The application of the new genetics to practical concerns, both in agriculture and medicine, raised a number of social, political, and ethical issues, some of which overlapped with concerns from the classical era and some of which were quite new to the molecular era. At the agricultural level, one of the first great controversies to emerge concerned the technology for transferring genes from one organism to another. The common method for doing this was to use a bacterial or viral plasmid (a small chromosome-like element of DNA) as a "vector." An isolated segment of DNA from one type of organism could be inserted into the plasmid, which, because of its size, could be incorporated into another cell type and eventually integrated into the host cell's genome. This meant that the foreign, or transplant, DNA would subsequently be replicated every time the DNA of the host cell replicated. Characteristics such as insect, mold, and frost resistance could thus be genetically engineered by transferring DNA (genes) from a species that had one of these traits of great commercial value. The controversies arising from the appearance of this technology reached significant proportions in the early 1980s in Cambridge, Massachusetts, where much of the experimental work was being carried out by Harvard and Massachusetts Institute of Technology biologists. Fear that viral plastids could "get loose" into the community through the massive use of the new technology sparked a series of public meetings and calls for a moratorium on all genetic engineering until safeguards could be assured. A meeting of many of the leading biotechnological researchers at Asilomar, California, in 1975 brought to the fore a discussion of the potential hazards from inserting genes from one kind of organism into the genome of another. Although hailed as one of the boldest exercises in social responsibility by scientists since World War II, interestingly enough, the most dangerous use of the new biotechnology—that is, to create biological weapons—was discussed). Later guidelines incorporated into all grants funded by the National Institutes of Health were based on some of the early decisions among molecular biologists themselves.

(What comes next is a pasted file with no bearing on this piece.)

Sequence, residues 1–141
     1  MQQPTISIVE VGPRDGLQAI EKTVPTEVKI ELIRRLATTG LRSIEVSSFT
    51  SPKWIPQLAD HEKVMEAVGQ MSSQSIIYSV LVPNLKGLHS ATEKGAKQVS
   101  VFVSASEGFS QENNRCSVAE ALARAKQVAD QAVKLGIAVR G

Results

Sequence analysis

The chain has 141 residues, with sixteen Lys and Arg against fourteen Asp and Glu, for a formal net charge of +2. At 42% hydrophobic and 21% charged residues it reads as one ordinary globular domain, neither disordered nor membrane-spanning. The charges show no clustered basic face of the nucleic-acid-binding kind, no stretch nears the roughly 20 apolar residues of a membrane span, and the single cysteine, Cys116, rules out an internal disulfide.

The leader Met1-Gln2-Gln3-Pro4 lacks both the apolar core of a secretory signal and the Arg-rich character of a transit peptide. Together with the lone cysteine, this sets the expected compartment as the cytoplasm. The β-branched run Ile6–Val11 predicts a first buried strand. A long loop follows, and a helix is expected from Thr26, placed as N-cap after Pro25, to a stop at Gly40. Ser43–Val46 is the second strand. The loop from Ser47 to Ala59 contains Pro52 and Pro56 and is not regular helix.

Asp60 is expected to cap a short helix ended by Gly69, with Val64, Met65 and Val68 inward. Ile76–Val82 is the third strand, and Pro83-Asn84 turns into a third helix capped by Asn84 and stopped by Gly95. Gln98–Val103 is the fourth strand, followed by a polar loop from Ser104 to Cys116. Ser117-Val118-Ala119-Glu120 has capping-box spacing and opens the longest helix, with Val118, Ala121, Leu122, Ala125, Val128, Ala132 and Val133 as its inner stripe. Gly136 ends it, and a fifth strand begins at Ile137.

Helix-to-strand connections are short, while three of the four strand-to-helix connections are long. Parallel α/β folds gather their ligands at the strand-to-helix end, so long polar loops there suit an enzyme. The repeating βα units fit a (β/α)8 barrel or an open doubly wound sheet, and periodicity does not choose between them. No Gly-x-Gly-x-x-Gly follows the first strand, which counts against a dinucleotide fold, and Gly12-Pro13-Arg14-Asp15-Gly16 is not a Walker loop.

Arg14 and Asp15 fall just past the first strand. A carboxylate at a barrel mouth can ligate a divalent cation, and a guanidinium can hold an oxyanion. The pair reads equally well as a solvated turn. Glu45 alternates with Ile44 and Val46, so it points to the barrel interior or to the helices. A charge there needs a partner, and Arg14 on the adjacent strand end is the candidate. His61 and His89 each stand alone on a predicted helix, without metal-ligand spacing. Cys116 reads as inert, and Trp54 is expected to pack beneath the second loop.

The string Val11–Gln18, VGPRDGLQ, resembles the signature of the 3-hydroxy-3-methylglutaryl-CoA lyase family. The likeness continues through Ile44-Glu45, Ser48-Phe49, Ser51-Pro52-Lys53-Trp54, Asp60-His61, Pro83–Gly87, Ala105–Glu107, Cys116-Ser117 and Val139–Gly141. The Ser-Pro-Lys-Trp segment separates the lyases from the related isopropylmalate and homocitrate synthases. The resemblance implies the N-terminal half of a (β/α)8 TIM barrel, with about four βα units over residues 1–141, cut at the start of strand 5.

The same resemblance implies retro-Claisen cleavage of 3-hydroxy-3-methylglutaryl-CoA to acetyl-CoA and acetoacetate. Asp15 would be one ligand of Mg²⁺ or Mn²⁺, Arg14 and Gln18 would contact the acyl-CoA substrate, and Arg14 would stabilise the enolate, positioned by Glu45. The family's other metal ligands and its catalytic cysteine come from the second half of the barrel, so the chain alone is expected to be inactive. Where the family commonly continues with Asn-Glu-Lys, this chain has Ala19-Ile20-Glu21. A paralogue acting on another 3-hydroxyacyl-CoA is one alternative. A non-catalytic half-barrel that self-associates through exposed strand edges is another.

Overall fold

Especially in the agricultural realm, the issue of "genetically modified organisms" (GMOs) became a matter of global concern in the 1980s and 1990s. Although the use of viral and bacterial plasmids turned out not to pose as serious a threat as originally thought, critics of biotechnology argued that GMOs could have altered metabolic characteristics in a way that could adversely affect the physiology of the consumer and of the environment at large. One such case became a cause célèbre in 1999 when it was found that corn genetically modified to contain a bacterial gene, Bt, that made the corn insect resistant, was killing off monarch butterflies in various localities in Britain where the corn was being planted. Indeed, as mega-corporations such as Monsanto and others turned aggressively to exploiting the GMO market, many countries, especially those in the European Union and Africa, began to place restrictions on, or even ban, the sale or importation of GMOs within their borders. The issue was less the effect on a specific species such as the monarch butterfly than the fact that destruction of the monarch symbolized a major problem with GMOs: as a result of competitive pressure from rival companies they were often rushed onto the market without thorough testing. Long-standing distrust of corporate agribusiness, where quick profits have been seen as taking precedence over human health and the quality of the environment, has fueled much of the negative response to GMOs worldwide.